HEAD COACH WILSON: You know, I had another contact that got us into one guy, but he knew the coach. We recruited a kid from his high school last year. And he knew the coach, that helped. The Walton kid from Carver is a guy that he went down to see. Robert McCray was a guy that he went down to see with coach Inge as well, as with Derrian Meminger, might be missing another guy, but a couple of guys we went after that didn't work out.

    Q. You obviously went after receivers a lot, how do you feel about that?

    HEAD COACH WILSON: I think we've got some good young ones to work with. I wanted to try to get a little size. To get Simmie Cobbs late and Dominique in kind of late in midyear is good, they're physically more mature, bigger guys. Not that that means they're better, but a couple of those guys you lose some size and length out there, which is one of their fortes. Again, J Shun is very dynamic, loved him at camp. Potential to be similar to the guy that plays for us now, but we'll see if he is. Coming out of high school he's similar, maybe has some things a little farther along. Coray Keel, a guy under the radar, but a bigger, 6 2 ish, shows up in the 190's, gives us a little size.

    With the young guys we've got at receiver, I thought we were more in that 5 11, 6 foot, 180, 190 range for find a few more. When you recruit everybody says how many O-linemen are you taking, only one guy like this guy that's playing center, all those bodies are taking 4 DBs. They're all different bodies. And I think we've got some of the bodies that hopefully will fit some of the voids we might have.

    Q. What were you looking for in your receivers?

    HEAD COACH WILSON: Just some size. For example I think Shane Wynn can be a nice outside player. He's a good player. And sometimes the inside guy, little guy is a good route runner matchup. He's not a good blocking matchup because of those linebackers. There are gives and takes. I thought we needed more size on defense and perimeter, backers, and safeties and corners, more size, more length, more speed. I thought the same thing at receiver, just a little bit more in the basketball world we weren't taking point guards, we were trying to get those power forward guys.

    Q. I know things can change, is there any position for next year's class that you guys are looking at we need to get some guys here?

    HEAD COACH WILSON: I'm not sure. I think we've got 16, 17, 18 seniors. Last year we started, this year we had 18 similar ships, and it goes to potentially 28, whether it be early graduates and medicals and whatnot. So I don't know, sometimes the numbers determine that. I think we're getting when I looked at our numbers, our class, we started looking at 17 or 18 seniors to be, 17 or 18 juniors to be. We're getting a little balanced and hopefully we can start need based instead of having a void.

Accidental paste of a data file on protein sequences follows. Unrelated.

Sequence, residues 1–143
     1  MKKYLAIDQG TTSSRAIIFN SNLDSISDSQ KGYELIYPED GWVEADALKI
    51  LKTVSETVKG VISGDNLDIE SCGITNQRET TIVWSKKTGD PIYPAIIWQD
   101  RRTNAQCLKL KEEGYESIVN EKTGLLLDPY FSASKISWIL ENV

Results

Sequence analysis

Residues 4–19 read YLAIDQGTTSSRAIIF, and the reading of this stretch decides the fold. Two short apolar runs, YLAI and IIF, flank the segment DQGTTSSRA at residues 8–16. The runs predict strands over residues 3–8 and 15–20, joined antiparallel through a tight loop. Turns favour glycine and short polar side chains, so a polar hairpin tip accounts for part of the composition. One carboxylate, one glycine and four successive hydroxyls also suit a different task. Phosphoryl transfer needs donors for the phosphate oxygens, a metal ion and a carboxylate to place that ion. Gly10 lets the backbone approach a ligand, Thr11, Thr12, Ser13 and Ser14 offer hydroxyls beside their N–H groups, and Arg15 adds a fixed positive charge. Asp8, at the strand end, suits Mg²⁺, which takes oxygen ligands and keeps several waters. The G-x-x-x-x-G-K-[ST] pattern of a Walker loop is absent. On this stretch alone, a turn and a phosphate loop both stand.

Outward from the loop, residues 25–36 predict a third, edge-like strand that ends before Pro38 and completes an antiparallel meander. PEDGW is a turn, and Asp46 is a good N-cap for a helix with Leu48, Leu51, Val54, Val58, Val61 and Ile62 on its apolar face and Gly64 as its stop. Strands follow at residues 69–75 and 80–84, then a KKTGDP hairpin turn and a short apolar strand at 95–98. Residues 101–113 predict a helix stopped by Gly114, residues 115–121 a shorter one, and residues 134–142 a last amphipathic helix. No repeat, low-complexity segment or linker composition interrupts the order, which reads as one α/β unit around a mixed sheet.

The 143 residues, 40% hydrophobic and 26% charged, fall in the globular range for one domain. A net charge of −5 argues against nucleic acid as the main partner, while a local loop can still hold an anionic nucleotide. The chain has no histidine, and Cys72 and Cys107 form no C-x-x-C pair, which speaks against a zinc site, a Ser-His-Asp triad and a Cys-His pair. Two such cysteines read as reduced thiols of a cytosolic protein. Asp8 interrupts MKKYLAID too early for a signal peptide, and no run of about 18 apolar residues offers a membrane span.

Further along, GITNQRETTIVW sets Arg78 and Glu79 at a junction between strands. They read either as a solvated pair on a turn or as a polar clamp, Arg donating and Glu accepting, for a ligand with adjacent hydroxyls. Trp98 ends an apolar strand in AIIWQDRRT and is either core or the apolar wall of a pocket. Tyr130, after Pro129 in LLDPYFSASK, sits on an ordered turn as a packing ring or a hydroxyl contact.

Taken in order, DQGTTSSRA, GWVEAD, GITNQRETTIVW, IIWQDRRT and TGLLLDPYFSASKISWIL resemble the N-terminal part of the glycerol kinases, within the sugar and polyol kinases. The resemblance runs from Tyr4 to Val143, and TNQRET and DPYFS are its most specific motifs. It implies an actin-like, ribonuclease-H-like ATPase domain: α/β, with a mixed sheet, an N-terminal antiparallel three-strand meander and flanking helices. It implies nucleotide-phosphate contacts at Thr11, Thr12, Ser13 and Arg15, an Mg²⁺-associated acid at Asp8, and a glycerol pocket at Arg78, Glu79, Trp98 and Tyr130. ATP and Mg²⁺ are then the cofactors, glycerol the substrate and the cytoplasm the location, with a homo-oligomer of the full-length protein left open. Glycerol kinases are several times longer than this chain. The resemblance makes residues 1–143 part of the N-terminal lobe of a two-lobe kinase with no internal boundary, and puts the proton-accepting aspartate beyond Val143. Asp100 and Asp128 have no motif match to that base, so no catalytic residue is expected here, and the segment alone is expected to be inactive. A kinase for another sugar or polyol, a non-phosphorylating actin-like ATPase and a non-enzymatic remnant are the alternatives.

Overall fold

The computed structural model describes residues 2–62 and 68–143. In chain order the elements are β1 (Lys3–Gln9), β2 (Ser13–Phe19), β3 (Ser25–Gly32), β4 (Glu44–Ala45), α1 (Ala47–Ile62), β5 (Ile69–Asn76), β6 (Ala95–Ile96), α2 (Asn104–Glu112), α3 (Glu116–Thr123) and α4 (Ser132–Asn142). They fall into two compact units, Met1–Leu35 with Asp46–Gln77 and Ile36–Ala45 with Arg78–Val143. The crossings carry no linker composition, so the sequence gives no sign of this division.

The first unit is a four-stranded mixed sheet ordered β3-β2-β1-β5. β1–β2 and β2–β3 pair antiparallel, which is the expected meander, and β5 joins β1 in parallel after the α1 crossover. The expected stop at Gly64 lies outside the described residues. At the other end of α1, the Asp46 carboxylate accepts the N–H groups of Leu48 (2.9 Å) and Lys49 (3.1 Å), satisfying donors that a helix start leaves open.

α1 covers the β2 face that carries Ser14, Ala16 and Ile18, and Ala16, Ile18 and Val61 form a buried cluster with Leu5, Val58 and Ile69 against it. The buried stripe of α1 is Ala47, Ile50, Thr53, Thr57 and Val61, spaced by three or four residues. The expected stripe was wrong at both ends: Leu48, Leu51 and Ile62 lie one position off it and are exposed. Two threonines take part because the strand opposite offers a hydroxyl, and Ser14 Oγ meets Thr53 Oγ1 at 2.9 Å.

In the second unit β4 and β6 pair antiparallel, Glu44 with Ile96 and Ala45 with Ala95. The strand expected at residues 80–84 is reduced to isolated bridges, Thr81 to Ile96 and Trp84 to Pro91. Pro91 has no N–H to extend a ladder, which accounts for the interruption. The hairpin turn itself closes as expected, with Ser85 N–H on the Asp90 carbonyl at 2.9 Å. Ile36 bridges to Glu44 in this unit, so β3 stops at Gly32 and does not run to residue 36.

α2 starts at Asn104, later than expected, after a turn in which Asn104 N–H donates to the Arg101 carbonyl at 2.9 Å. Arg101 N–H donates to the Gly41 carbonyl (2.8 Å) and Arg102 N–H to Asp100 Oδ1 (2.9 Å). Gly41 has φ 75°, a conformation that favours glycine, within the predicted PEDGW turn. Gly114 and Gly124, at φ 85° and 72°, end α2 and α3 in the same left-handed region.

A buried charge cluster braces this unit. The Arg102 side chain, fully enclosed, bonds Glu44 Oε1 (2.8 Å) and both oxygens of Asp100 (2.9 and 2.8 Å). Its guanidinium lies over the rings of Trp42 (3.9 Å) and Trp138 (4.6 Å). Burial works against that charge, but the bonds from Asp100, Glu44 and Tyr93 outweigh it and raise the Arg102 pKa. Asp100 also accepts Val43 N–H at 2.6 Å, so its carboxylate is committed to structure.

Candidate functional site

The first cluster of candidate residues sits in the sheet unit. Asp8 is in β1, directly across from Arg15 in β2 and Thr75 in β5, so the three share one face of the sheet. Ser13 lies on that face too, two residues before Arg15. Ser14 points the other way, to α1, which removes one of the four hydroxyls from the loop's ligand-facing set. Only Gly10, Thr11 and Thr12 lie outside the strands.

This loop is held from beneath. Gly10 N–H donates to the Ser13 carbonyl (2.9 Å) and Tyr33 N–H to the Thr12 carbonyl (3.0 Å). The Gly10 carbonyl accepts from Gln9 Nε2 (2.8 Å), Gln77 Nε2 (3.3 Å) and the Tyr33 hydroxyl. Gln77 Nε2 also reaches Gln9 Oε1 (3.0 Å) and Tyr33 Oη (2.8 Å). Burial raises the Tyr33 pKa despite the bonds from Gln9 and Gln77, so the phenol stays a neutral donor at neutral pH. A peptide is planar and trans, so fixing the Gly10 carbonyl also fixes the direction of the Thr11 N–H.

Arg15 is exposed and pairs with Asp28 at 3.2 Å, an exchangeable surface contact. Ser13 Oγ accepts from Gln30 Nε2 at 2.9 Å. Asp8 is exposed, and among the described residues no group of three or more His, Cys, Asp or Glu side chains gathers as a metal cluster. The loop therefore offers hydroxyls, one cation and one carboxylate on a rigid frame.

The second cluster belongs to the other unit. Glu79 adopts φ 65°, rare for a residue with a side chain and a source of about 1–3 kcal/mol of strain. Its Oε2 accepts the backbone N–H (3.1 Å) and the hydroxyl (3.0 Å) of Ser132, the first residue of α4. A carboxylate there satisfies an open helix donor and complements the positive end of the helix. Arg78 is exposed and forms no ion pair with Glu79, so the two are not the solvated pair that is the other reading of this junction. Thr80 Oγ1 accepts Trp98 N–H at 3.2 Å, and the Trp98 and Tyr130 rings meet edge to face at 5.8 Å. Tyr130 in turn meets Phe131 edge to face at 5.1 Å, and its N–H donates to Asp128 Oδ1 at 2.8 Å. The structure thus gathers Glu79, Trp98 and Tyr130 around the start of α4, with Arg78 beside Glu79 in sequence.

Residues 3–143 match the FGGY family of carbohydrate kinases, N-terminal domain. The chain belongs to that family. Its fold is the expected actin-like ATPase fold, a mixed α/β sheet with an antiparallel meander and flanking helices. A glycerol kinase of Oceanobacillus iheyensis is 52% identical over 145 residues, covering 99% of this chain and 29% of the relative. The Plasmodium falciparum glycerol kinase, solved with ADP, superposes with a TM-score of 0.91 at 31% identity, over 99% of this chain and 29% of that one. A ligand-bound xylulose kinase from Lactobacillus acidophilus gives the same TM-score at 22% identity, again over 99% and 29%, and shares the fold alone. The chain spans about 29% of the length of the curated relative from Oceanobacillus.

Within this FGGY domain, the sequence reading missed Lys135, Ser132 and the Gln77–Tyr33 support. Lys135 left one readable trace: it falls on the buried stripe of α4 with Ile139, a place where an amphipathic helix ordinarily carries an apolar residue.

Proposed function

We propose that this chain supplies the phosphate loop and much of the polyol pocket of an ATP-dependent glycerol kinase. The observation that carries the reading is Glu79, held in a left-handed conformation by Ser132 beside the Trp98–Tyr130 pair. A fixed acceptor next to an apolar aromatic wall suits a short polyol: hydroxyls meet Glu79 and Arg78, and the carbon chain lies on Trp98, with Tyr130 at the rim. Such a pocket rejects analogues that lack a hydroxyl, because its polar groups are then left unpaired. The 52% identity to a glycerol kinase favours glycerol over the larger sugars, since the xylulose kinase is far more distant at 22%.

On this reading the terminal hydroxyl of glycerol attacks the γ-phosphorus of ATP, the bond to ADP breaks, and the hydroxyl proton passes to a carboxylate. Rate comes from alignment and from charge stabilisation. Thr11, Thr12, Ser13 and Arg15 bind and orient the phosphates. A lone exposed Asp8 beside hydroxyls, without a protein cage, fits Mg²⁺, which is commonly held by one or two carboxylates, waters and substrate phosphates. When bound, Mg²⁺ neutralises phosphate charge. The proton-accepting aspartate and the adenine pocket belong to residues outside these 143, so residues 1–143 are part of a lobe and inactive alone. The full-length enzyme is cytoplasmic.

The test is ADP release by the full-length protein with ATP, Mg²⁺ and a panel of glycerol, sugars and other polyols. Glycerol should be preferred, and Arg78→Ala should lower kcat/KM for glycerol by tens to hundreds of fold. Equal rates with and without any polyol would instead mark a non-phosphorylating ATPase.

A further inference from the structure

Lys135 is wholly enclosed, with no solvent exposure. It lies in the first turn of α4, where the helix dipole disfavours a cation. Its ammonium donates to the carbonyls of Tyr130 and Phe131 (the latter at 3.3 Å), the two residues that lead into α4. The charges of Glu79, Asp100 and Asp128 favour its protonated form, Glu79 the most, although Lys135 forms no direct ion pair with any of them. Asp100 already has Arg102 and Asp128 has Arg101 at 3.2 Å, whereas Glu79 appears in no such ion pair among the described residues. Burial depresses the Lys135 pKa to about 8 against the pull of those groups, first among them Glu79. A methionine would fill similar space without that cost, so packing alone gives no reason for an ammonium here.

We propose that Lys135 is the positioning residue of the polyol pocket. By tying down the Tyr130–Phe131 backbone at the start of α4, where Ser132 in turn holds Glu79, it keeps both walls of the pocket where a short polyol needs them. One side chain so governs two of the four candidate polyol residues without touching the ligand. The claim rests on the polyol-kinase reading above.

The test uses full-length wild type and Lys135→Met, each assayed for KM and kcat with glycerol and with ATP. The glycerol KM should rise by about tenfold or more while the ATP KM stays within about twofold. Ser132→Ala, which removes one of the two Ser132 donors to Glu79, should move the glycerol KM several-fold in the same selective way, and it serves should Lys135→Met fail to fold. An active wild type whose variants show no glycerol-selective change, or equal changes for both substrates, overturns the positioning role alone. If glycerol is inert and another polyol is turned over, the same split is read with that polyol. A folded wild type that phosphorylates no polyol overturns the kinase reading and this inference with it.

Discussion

We took a gamble not taking any offensive linemen last year, but we only had one senior, and didn't lose any of our starters this year. So moving forward I think we're going to start to have some continuity. If you had 18 scholarships, eight or nine on O, eight or nine one D, a little bit of both. I think it will be reasonably well rounded.

    Q. With so many kids flipping commitments these days, how much of a challenge does that put on you and your staff right until the end?

    HEAD COACH WILSON: It's real hard. It's the hardest thing. We talk about rules, like one of the comments that's made, we have earlier visit dates. I don't know if we need to have earlier visit dates, because kids are getting around. With technology you can see and make your decisions. But I wish we had that early signing day like basketball did. You've got guys committing in June. And the 12th hour, this weekend, say you don't want to come, you've been holding off people. As a program, if you do that, hey, I've got you, I call you as the high school coach and say I can't take you now, this one is a little bit better for me, it's a tough deal. But the kids have to protect themselves. I understand that. You've got coaching changes. So all of a sudden you lose a guy, there's a ripple effect, and the water keeps moving around.

    The last few days have been a free for all, it's been hectic. It's been hanging on for dear life. Some of the stories kids hear. You come back, if you do a good job of recruiting, hope there's enough trust and relationship where you can weather the storm. In the end it always works out and you get probably who you're supposed to coach. And hopefully you do a nice job of evaluating those guys. I don't have a hard time if a guy doesn't want to come, it's his choice. Sometimes you worry about the effect. Sometimes those guys took an opportunity from someone else.

    I actually had a kid in my office wanted go to commit. I said, well, I know I've got a spot, but then a week later that spot wasn't there anymore because he changed his mind, and the guy that wanted to commitment he was a little offended and went on down the road. If you knew how it was going to play out you could have covered your bases. It's tough. But it is what it is. Thank goodness it's two or three weeks after Christmas and not four or five or six. I'd love to get into an early signing day. That way if a kid didn't want to sign you know he's not committed. And now you're not saving a spot for them. There will be teams today having four, five, six commitments for next year already. It seems if we could have an August 1 or September 1 day it might help you. It's a lot of fun. I'm not going to complain about it, because we're recruiting on paper, and we've got to take this paper product and produce on the field.

    Q. You talk about two running backs, two pretty good prospects, what do you like from Tommy and Devine?

    HEAD COACH WILSON: We had Devine in camp and Coach McCullough had a strong feel from him a year ago, had him as a young kid. Transition from one high school to another, and wasn't able to play a few games, started the season up at Glenville. But really liked him as a person. It's going to be a little bit more exact, physical guy. Got some substance, running through things.